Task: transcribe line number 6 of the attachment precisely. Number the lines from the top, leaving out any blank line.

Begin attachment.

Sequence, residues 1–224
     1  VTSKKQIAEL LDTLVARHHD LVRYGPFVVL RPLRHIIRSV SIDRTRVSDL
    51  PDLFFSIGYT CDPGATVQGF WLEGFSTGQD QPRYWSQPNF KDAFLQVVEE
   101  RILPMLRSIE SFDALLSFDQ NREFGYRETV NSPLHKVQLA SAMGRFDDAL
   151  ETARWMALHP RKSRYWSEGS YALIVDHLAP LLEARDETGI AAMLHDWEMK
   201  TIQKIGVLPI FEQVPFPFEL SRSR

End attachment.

   201  TIQKIGVLPI FEQVPFPFEL SRSR